The ocean floor is not explored as much as Mars. Our team of scientists discovered what appears to be an asteroid impact crater after mapping the seabed.

The crater is of the same age as the impact of the asteroid that wiped out the dinosaurs 66 million years ago.

There is a question of whether the crater is related to Chicxulub.

It would be of huge general scientific interest as it would be one of a very small number of known marine asteroid impacts and so give new insights into what happens during such a collision.

As part of a larger project, the crater was identified using "seismic reflection."

The pressure waves that are sent through the ocean and its floor are similar to the waves that are sent into the air.

The data allows for the reconstruction of the rocks.

At the end of 2020 we found a very unusual feature.

There was a large crater, a little under 10 kilometers wide and several hundred meters deep, buried below several hundred meters of sediment, among the flat, layers of theGuinea Plateau.

The scale of the crater, the ratio of height to width, and the height of the crater rim are all consistent with an impact. There are chaotic deposits outside of the crater floor that look like ejecta.

Diagrams illustrating an asteroid impact on the ocean floor.
Conceptual model of the impact sequence at the Nadir impact site, based on seismic observations and models. (U. Nicholson et al., Science Advances, 2022)

The collapse of a submarine volcano or a pillar of salt below the sea were possibilities that we considered. There could be an explosion below the surface.

None of these possibilities are compatible with the geology of the crater.

Earthquakes, airblast, fireball, and tsunamis

We built computer models of an impact event to see if we could recreate the crater and understand the impact.

For an asteroid 400 meters in diameter hitting an ocean that was 800 meters deep, the simulation is the best one.

There are consequences of an impact in the ocean.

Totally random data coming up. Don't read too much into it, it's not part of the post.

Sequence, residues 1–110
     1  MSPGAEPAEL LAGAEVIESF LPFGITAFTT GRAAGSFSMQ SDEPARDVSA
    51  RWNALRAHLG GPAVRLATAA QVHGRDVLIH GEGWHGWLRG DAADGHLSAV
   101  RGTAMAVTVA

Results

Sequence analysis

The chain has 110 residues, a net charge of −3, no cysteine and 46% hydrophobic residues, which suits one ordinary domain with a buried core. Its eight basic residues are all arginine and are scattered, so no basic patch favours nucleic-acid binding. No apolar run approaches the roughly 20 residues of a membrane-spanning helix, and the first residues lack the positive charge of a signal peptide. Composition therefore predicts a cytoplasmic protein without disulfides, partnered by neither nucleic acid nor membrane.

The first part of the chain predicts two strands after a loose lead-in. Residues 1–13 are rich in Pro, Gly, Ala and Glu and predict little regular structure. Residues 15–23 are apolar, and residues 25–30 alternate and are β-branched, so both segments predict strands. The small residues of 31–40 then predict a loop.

A large fireball could be seen hundreds of kilometers away, as well as an 800-meter thick water column and an asteroid.

The impact would cause shock waves that would be equivalent to a magnitude 7 or 6.5 earthquake. There was a train of waves.

The air blast from the explosion would be louder than any recorded history has to offer. The energy released from the recent eruption would be a thousand times larger than the previous one.

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Chicxulub relative?

One of the most intriguing aspects of this crater is that it is the same age as the giant Chicxulub event, which took place 66 million years ago.

Is there a relationship between them if this is an impact crater?

There are three possibilities as to their relationship.

They may have formed from the break up of a parent asteroid, with the larger fragment resulting in the Chicxulub event and a smaller fragment forming the Nadir crater.

The mass extinction event could have been worse if the Chicxulub impact had been added to.

The break-up could have been caused by an earlier near-collision when the asteroid or comet was close to Earth. There is a chance that the collision could have happened on a subsequent flight.

This pull-apart is what happened to the Shoemaker-Levy 9 comet when it collided with Jupiter in 1994.

It's possible that Nadir was part of a longer-lived impact cluster that formed after a collision in the asteroid belt. The little cousin hypothesis is related to this.

This collision may have sent a shower of asteroids into the inner Solar System, which may have collided with the Earth and other inner planets.

There was a time when there were many impact events in a short period of time.

Seismic survey map shows the Nadir crater's location.
Nadir crater. (U. Nicholson et al., Science Advances, 2022)

This could be a coincidence. There is a chance of a collision of a Nadir-sized asteroid.

We can't say for certain that the Nadir crater was formed by an asteroid impact until we recover samples from the crater floor.

We submitted a proposal to drill the crater through the International Ocean Discovery program.

As with the main impact crater hypothesis, we can only test the little sister and little cousin hypotheses by dating the crater using samples and looking for other craters of the same age.

Could such an event happen soon? The size of the asteroid that we model is very close to the Bennu asteroid.

There is a one-in-1,750 chance that this asteroid will collide with Earth in the next couple of centuries.

Veronica Bray is a research scientist at the University of Arizona.

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